As we ascended, the views of Da Nang were impressive. The statue of the Lady Buddha can just be seen on the far left across the bay.

Zoomed in on the Lady Buddha.

Interesting cloud formations and scenery as we flew south.

Approaching Ho Chi Minh City airport.

After landing at the domestic terminal we walked a couple of hundred metres to the international airport where our coach awaited us as tour coaches are not allowed into the domestic pickup area. Here we also said farewell to one of our group whose 2 week holiday was finishing as she was flying back home via Singapore.

Boarding our new coach we set off for the coastal town of Vung Tau, where Australian soldiers spent their RnR during the war and where a number have returned to live. Once again it was quite a slow journey and the sun was low in the sky when we stopped for a photo opportunity before making our way to our restaurant for dinner.

This statue of Christ dominates the skyline.

Seated at a long table at the water’s edge, we had lovely views out to sea while we dined.

We spotted this little monkey (centre right in the photo) which we originally thought must have been wild but it was actually on a lead held by a young boy at a nearby table.

Following a delicious dinner we were taken to our nearby hotel where we had a room with views of the ocean, though by the time we checked in it was completely dark outside.

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Vietnam 2017 – Part 13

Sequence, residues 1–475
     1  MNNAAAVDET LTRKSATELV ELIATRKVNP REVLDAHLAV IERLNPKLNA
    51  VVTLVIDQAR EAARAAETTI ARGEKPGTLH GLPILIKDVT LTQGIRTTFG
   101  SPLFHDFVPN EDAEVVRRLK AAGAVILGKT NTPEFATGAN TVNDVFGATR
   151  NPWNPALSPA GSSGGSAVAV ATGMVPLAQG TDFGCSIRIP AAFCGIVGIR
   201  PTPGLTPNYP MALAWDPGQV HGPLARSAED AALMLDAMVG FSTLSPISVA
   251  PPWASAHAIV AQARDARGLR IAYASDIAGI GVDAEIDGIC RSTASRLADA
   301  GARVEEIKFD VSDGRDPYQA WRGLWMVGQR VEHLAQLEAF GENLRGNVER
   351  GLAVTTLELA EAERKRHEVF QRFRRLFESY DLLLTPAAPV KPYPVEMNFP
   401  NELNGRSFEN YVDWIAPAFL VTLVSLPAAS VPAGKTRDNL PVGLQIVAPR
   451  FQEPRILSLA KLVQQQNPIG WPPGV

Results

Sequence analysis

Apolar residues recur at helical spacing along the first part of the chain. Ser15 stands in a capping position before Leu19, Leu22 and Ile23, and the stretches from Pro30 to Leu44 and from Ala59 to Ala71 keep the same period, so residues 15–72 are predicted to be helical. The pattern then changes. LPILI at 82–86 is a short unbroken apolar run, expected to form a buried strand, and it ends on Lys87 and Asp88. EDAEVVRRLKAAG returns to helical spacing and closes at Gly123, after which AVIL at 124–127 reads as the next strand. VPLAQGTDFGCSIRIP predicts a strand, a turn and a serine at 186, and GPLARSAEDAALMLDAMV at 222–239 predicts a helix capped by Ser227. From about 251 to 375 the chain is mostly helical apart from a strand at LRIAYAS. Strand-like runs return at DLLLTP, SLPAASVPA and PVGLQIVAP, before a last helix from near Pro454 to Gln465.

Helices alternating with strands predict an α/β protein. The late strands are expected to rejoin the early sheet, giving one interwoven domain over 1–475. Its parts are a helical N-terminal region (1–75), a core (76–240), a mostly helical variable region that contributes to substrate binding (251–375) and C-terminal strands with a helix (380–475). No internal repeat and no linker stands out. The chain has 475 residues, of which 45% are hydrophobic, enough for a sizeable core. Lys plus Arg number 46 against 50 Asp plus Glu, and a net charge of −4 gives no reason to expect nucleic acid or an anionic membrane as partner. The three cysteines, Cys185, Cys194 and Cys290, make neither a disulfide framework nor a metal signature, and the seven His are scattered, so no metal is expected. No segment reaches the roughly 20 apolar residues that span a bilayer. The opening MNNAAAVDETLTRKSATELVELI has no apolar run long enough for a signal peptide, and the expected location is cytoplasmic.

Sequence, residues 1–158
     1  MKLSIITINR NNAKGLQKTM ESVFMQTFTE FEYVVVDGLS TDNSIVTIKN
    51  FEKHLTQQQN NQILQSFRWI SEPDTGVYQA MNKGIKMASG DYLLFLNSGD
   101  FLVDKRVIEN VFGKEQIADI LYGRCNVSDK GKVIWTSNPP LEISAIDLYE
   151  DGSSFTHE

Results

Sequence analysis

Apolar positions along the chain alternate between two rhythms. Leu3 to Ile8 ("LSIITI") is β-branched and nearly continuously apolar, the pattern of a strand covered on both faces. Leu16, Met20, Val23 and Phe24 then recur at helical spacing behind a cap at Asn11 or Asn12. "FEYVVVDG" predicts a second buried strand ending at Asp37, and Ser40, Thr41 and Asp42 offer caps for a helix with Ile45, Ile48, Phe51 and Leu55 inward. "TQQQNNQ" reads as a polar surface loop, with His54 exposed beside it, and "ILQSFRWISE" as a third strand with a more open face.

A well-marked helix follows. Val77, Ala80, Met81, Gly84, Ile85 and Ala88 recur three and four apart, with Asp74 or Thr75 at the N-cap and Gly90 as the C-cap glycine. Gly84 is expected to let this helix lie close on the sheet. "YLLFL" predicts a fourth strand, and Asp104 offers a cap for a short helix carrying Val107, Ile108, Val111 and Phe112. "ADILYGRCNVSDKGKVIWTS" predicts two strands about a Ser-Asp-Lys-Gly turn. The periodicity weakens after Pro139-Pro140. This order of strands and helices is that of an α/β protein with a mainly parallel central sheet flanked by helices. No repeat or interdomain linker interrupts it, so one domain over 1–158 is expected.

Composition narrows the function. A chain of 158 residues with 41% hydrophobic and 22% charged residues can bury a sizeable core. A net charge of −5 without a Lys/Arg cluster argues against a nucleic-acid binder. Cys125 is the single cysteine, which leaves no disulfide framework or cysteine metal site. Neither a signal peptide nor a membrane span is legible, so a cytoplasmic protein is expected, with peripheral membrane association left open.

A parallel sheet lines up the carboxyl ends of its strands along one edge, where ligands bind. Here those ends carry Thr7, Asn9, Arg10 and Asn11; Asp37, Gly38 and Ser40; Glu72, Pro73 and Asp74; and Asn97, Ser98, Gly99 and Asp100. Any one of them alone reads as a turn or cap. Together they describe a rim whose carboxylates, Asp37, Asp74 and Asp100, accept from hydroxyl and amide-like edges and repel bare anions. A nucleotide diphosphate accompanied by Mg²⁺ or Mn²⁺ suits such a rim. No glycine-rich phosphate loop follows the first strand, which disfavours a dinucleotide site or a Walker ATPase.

17th September, 2017.

Leaving our hotel in Hoi An, we were again transferred by mini-van to our coach located outside the old town and were soon on our way back to Da Nang, our overnight stop prior to our flight to Ho Chi Minh City the next day.

Along the way we stopped at Marble Mountains, also referred to as Water Mountains, where for a small fee a lift takes the visitor up to a maze of tunnels, caves and temples. Unfortunately we did not have a guided tour and most of the signage was in Vietnamese so it wasn’t possible to get the best from the visit but still plenty of photo opportunities for Erich.

Extensive views from the top.

Before going to our hotel, we stopped at the Temple of the Lady Buddha situated at the Linh Ung Pagoda on Son Tra Peninsula 14 kms from the City Centre of Da Nang.

We had marvellous views back to Da Nang and over the bay.

There were scores of ancient bonsai in the courtyard.

And lots of marvellous marble statues.

At 67 metres, the Lady Buddha is the tallest Buddha statue in Vietnam.

Later in the afternoon we went to another hotel where we had High Tea on the 18th floor with views over the city.

That evening we had dinner at an oceanfront restaurant with views across the bay to Son Tra Peninsula and the illuminated Lady Buddha.

After dinner we joined thousands of others at the Golden Dragon Bridge which spans the Han River in Da Nang and, at 666 metres, is the longest bridge in Vietnam. Constructed over a two year period and completed in 2013, the bridge was built to commemorate the 38th anniversary of the liberation of Da Nang at the end of the Vietnam War. Illuminated with LED lights in the evening, the dragon’s head spews fire and water at 9pm on weekends and holidays.

The surrounding buildings and tour boats on the river are also lit up.

The dragon’s head at one end of the bridge.

The people standing on the bridge would have been rather wet.

When we arrived back at the hotel we found the foyer full of scooters. Not sure what that was all about.